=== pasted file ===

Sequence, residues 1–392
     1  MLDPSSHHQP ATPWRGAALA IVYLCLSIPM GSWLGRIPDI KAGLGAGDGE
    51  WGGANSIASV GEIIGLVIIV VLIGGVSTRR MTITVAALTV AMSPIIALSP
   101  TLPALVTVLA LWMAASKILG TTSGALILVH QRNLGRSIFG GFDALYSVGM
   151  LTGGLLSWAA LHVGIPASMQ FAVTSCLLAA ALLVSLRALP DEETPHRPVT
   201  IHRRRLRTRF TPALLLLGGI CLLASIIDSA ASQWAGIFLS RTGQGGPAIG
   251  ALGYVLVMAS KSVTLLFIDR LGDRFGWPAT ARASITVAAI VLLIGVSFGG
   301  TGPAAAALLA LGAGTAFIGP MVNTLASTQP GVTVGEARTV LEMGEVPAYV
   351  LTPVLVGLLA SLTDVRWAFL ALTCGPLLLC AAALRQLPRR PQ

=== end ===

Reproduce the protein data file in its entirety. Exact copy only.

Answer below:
Sequence, residues 1–392
     1  MLDPSSHHQP ATPWRGAALA IVYLCLSIPM GSWLGRIPDI KAGLGAGDGE
    51  WGGANSIASV GEIIGLVIIV VLIGGVSTRR MTITVAALTV AMSPIIALSP
   101  TLPALVTVLA LWMAASKILG TTSGALILVH QRNLGRSIFG GFDALYSVGM
   151  LTGGLLSWAA LHVGIPASMQ FAVTSCLLAA ALLVSLRALP DEETPHRPVT
   201  IHRRRLRTRF TPALLLLGGI CLLASIIDSA ASQWAGIFLS RTGQGGPAIG
   251  ALGYVLVMAS KSVTLLFIDR LGDRFGWPAT ARASITVAAI VLLIGVSFGG
   301  TGPAAAALLA LGAGTAFIGP MVNTLASTQP GVTVGEARTV LEMGEVPAYV
   351  LTPVLVGLLA SLTDVRWAFL ALTCGPLLLC AAALRQLPRR PQ